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Fetal Diagn Ther. 2004 Nov-Dec;19(6):491-5.

Cephalic index is not a useful sonographic marker for trisomy 21 and trisomy 18.

Author information

  • 1Centre for Prenatal Diagnosis and Treatment, British Columbia Women's Hospital, and The Division, University of British Columbia, Vancouver, Canada. klim@cw.bc.ca

Abstract

OBJECTIVES:

To evaluate whether the cephalic index (CI) in trisomy 21 (T21) and trisomy 18 (T18) fetuses is different from that in euploid fetuses, and if so, is this difference of clinical utility.

METHODS:

Retrospective. Over an 18-month period, patients attending a single centre for routine advanced maternal age amniocentesis were recruited for a prospective study of ultrasound soft markers of aneuploidy. This prospective database was searched for cases with the following criteria: (1) occipitofrontal diameters (OFD) measured at least twice; (2) gestational age between 98 and 126 days either by ultrasound-confirmed menstrual dates or early second- trimester biometry; (3) no major central nervous system abnormalities detected on prenatal ultrasound, and (4) normal fetal karyotype. This constituted the control group. The study group consisted of all cases of prenatally diagnosed T18 and T21 identified in the same time period with criterion 2 as above. The fetuses in the study group had the OFD measured in a blinded fashion from the biparietal diameter images. CI (= mean biparietal diameter/mean OFD) was calculated for all fetuses. Pearson coefficient and regression analysis were used to determine independence of CI to gestational age in the control group. Standard descriptive statistics were used to describe interval data and two-tailed t test was used to compare means between the study and control groups. ROC curves were constructed to evaluate the clinical efficacy of CI for T18 and T21.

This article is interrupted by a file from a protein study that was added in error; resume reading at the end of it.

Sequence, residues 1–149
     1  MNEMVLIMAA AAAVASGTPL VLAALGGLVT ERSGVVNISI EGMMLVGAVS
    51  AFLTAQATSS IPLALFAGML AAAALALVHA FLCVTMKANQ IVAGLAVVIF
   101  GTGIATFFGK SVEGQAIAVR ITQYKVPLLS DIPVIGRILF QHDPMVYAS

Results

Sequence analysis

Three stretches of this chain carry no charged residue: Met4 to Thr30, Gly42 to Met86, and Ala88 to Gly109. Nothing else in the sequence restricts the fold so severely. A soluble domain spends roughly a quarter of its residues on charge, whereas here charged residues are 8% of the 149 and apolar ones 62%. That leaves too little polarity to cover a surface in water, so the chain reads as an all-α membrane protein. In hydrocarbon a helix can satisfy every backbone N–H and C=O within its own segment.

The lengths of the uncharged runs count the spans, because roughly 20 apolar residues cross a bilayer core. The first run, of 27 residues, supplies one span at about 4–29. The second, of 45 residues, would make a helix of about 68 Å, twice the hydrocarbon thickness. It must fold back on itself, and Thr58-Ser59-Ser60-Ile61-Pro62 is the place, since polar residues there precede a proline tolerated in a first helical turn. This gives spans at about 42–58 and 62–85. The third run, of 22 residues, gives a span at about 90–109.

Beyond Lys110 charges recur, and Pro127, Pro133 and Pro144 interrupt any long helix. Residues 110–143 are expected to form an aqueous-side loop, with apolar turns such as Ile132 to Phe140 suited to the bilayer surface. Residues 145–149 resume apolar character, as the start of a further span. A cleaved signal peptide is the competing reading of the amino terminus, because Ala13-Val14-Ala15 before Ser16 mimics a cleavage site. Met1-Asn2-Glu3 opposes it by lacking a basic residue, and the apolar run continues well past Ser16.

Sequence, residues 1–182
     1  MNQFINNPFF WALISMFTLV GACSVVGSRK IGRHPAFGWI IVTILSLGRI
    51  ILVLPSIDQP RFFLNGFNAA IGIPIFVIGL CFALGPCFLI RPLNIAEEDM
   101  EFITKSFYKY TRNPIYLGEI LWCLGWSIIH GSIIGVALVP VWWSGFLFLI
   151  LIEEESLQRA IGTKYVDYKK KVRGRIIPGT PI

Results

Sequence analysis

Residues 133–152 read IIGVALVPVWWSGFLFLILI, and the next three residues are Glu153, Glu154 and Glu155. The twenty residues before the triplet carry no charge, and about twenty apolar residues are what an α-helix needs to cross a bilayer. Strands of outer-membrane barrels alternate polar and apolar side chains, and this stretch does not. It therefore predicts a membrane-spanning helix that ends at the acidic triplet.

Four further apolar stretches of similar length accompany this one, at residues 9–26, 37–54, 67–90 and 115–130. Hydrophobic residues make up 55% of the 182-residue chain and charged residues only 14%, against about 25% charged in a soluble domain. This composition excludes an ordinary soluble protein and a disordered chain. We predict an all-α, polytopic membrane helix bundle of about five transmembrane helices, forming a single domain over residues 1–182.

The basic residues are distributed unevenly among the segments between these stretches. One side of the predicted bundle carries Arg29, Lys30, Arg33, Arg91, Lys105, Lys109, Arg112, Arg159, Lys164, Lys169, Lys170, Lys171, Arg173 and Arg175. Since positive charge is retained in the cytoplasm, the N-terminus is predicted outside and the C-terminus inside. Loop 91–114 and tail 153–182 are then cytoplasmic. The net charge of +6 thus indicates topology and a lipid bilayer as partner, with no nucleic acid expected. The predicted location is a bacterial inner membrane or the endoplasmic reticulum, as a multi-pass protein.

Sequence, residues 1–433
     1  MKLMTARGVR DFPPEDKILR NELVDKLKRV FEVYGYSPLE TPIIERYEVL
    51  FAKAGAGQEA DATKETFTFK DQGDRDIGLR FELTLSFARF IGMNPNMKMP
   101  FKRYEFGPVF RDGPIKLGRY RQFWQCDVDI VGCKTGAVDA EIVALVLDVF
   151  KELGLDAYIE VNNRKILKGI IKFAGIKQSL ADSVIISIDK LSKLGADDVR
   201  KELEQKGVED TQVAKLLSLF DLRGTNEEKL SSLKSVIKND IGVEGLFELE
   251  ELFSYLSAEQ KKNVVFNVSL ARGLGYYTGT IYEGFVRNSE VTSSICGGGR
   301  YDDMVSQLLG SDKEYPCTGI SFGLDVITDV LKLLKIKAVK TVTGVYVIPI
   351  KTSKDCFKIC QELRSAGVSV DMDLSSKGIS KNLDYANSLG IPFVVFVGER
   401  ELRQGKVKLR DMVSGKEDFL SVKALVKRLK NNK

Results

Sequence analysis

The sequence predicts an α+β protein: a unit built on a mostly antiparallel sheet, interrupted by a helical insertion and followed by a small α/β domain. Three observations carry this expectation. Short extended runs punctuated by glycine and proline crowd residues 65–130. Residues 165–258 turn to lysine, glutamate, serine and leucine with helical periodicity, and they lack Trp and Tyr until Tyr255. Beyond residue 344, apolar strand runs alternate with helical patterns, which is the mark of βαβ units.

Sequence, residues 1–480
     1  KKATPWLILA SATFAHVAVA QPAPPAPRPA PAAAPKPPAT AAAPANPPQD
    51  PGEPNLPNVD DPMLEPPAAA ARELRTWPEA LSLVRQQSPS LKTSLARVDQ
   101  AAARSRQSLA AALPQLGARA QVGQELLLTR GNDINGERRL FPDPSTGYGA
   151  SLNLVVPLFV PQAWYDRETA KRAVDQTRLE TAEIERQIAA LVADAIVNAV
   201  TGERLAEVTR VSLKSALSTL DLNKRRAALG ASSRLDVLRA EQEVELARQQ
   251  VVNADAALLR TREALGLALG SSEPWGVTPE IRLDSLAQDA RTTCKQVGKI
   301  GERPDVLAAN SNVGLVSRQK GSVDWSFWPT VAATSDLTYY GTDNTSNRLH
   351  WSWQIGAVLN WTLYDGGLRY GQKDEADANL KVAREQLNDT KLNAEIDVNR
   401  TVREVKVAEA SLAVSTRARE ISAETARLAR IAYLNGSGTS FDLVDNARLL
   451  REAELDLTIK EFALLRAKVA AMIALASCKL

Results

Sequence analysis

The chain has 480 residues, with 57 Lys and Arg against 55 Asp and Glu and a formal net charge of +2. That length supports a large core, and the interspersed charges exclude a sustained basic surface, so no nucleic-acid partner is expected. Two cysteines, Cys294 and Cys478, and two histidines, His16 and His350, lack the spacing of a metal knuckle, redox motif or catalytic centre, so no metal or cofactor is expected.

RESULTS:

Five hundred and ninety-seven fetuses were available for analysis. There were 551 fetuses in the control group and 46 in the study group. Within the study group, there were 30 T21 and 16 T18 fetuses. Within the control group, CI was independent of gestational age (R = 0.026, p = 0.922). Mean CI for the control group was 0.802 (SD 0.040) and this was not statistical different from either the T21 group (mean 0.816, SD 0.042, p = 0.067) or the T18 group (mean 0.792, SD 0.057, p = 0.491). Area under the ROC curves was determined for both T18 and T21 and both had poor results (0.545 and 0.598, respectively). When CI was evaluated in the control group according to the two main ethnic groups in the study, there was a trend towards a statistical difference (p = 0.046) between the fetuses of Oriental and Caucasian mothers.

CONCLUSIONS:

In this retrospective study, CI was not found to be statistically different between the study and control groups. Although a trend towards significance was seen with T21, this difference is not clinically useful. There may be interethnic differences in the CI between fetuses. CI is not useful for aneuploidy screening by ultrasound.

2004 S. Karger AG, Basel.

[PubMed - indexed for MEDLINE]
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